Knife Sharpening Secrets - Japanese Knives

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Making a traditional Japanese knife is a process where no step is more important than the other. This process takes time, time that we sometimes think we do not have in modern society. But when a master does something, he takes the time to do it well and he will not sacrifice quality on the altar of speed.

There are two categories of traditional handmade Japanese knives: The Honyaki, meaning “true forged”; The Kasumi, referring to “Mist” or “Fog”; The Gyuto is in it's own category, because it is a nontraditional handmade knife.

Modern Japanese masters have reached perfection, changing not only the internal structure of the steel knife chef, but his geometry.


[h1]The shape of the knife blade and the inner steel structure define ways and methods of sharpening.[/h1]
 
 
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31
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Dear Ser. 

Thank you.
I think that the knives as the people are very individual. Everyone has their own preferences and standards.
After the form knives are divided into two classes, the composition of steel: Stainless steel and Сarbon.
The approaches, methods and the desired result for them will be very different at one and toyzhe blade geometry.
Have you come across the term «kirenaga - 切 れ 長 - sharpness duration (time a knife stays sharp)»?
 
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Structure steel kitchen knife is characterized primarily kinds of carbides, their size, the amount and uniformity of distribution, shape and hardness.



(http://www.uddeholm.com/files/TB_grinding-english.pdf)

Тhe most expensive (unique) steels contain carbon nanotubes.
[h1]DISCOVERY OF NANOTUBES IN ANCIENT DAMASCUS STEEL[/h1]
http://img0.liveinternet.ru/images/...880__springer_proceedings_in_physics_127_.pdf

http://img1.liveinternet.ru/images/attach/c/3//4171/4171040_reibold2006.pdf
 
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Dude - welcome to Cheftalk  /img/vbsmilies/smilies/drinkbeer.gif   That said we're all knife knuts here so you're like preachin' to the choir.  
 
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Not quite sure my brain is properly consuming this data but it is interesting nonetheless. Welcome to CT, as Mike9 said, were all knife knuts here so the information is intriguing to say the least...
 
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После того, как мы понимаем , что это сталь, вы можете начать урок №1.
Спасибо за понимание.
 
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I do appreciate the videos in que in the previous, but the next video shows an important feature for power production.  You'll notice the grip does not employ the index finger, nor is the thumb wrapped tight.  Go play with it and develop understanding of this in terms of proper mechanics.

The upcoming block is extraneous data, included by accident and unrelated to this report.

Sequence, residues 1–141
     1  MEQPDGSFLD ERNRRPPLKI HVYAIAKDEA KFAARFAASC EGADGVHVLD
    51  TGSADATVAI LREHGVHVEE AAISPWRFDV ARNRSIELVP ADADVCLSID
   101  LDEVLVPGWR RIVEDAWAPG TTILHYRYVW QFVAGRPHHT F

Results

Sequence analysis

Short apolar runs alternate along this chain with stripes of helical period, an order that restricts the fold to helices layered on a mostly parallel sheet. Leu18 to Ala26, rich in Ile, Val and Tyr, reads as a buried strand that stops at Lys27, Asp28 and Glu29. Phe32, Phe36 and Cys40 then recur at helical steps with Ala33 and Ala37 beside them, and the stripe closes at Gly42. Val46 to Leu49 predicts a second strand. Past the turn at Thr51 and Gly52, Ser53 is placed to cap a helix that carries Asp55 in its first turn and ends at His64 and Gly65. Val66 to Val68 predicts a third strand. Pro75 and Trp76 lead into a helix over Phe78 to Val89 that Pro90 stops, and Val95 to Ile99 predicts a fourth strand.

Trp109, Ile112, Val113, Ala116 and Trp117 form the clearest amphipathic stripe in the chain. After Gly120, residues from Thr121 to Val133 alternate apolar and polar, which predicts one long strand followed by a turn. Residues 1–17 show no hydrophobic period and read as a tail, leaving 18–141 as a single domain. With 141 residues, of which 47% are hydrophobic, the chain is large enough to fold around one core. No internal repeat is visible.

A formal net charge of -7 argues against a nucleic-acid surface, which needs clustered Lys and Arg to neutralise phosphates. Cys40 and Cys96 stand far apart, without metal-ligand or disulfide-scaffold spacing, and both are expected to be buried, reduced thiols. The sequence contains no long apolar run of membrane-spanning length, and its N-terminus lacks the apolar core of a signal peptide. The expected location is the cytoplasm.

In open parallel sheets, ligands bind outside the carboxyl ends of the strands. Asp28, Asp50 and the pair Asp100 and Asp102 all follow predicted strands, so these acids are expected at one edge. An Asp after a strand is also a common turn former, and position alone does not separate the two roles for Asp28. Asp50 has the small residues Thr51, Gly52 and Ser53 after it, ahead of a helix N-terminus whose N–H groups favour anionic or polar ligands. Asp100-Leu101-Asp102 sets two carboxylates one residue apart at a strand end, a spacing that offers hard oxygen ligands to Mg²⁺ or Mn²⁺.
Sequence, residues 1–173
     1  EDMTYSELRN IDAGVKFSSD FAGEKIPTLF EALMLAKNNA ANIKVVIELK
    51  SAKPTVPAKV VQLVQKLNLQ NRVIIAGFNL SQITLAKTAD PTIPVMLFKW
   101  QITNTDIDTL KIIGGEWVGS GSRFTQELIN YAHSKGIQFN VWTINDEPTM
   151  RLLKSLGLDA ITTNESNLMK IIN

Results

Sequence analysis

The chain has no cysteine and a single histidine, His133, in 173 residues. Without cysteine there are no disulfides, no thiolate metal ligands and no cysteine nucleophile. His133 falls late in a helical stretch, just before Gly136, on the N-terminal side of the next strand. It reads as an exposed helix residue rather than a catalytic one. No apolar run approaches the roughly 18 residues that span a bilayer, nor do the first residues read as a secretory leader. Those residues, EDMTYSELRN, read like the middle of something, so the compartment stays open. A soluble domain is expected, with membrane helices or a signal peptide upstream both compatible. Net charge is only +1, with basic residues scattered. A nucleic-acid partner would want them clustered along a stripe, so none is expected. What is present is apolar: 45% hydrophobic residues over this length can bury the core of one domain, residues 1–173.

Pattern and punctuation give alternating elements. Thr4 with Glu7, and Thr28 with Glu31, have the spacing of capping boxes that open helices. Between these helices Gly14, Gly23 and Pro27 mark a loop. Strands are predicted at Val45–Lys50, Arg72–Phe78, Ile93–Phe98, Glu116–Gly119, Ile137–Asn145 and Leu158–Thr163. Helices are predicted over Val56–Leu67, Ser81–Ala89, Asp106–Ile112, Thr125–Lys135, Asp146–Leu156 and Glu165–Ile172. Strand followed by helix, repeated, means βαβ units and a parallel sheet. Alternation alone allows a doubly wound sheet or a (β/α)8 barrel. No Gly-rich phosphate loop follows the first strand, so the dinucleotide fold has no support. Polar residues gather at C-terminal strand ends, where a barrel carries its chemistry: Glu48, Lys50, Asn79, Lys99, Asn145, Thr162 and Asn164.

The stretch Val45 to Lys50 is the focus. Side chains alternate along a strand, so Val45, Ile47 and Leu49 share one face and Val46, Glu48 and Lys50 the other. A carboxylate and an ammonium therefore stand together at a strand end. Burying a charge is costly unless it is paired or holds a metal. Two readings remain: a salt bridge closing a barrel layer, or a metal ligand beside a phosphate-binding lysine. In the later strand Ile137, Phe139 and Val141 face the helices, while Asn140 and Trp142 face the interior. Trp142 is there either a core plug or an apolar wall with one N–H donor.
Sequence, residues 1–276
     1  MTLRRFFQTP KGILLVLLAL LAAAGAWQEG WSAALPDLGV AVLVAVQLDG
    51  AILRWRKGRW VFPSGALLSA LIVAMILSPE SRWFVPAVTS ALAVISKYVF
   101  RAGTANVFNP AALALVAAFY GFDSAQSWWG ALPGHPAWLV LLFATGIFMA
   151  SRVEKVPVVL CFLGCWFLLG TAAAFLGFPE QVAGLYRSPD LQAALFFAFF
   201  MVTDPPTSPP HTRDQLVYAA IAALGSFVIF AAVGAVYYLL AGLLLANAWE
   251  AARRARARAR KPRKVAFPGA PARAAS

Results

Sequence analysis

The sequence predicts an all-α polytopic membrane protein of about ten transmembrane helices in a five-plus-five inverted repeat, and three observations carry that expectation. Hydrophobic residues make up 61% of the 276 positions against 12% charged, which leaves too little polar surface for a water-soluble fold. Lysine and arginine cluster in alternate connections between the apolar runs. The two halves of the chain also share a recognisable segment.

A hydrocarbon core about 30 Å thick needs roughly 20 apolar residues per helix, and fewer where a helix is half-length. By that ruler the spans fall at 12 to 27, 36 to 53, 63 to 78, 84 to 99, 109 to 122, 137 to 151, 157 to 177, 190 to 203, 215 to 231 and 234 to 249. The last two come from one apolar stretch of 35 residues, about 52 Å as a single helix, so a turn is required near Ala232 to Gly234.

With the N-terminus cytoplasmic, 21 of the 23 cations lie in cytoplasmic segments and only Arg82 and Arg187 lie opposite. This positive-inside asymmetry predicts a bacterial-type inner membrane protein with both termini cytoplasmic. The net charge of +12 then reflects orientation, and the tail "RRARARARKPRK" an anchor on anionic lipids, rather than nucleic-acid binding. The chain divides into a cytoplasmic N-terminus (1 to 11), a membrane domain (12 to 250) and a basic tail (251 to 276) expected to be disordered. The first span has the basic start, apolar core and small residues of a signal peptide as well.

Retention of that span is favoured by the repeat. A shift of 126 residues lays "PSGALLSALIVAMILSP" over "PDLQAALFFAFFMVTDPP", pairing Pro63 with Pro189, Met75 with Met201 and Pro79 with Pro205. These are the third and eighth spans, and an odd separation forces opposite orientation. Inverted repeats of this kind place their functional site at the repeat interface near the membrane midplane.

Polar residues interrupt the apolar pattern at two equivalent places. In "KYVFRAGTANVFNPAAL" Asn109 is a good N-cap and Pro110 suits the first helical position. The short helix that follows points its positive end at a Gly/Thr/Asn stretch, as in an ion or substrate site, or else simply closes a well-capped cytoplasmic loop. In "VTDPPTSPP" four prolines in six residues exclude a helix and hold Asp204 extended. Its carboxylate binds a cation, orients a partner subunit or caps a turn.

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Very sharp, easy to use and maintain kitchen knife determines the taste of the prepared dishes (http://www.toishi.jp/microworld_20131007/hikaku.html).

Since ancient times, the main diet in Japan consisted of fish and vegetables. A good example is the preparation of traditional Japanese cuisine from rice with acetic seasoning and various seafood. Knife with unsatisfactory performance cutting, will facilitate the allocation of chopped raw fish odor. The aesthetic appearance and taste will also be unacceptable to traditional Japanese cuisine. For example, the traditions of French cuisine, the taste of sliced ​​products is largely determined by the shape and size of grinding used vegetables, fruits, etc., as well as the quality of the knife cuts:
- Varied taste can be obtained from the same products using various methods of grinding;
- From knife cut surface quality depends not only on the taste of food (salad, etc.), but also the duration of validity for nutritional prepared in fruit and vegetables;
- Cutting products and their methods of heat treatment due to non-uniformity of size and shape, contribute to disparities in the uniformity of the passage of the physical and chemical processes in the preparation of dishes.

THE HONYAKI (本焼)

@The Honyaki is the knife that legends and myths are made of. This series of knives is a treasured part of Japanese Cultural heritage. The Honyaki is not intended for the casual chef. Traditionally, a Japanese Chef purchases a Honyaki knife after completing his or her apprenticeship. To celebrate this achievement, a silver ring may be placed between the buffalo bolster and the wooden mahogany handle. In Japanese tradition, it is considered very poor taste for a Chef to use the Honyaki before his or her apprenticeship is completed. 
The Honyaki is an object of admiration that represents a long history of Japanese pride and craftsmanship. Encoded in the steel are centuries of experimentation, and a commitment to perfection. The Honyaki is forged from a single piece of steel, using the traditional method of differential hardening and tempering. The Japanese have developed a method to insulate parts of the knife, so that the metal cools at different rates. There is no room for error, lest the blade be destroyed. Only blacksmiths of great skill can master this method. It is so specialized, Master Hide uses a different blacksmith for each type of steel. 
There exists a belief that Japanese knives are very hard to sharpen; only in this case, is it true. The edge of the Honyaki is so hard, it will break, chip, or crack if dropped or abused. While the blade is delicate, it is also true that the harder the edge, the longer it maintains its sharpness. Thus, while the Honyaki requires skilled hands, it rewards the individual who treats its blade with respect.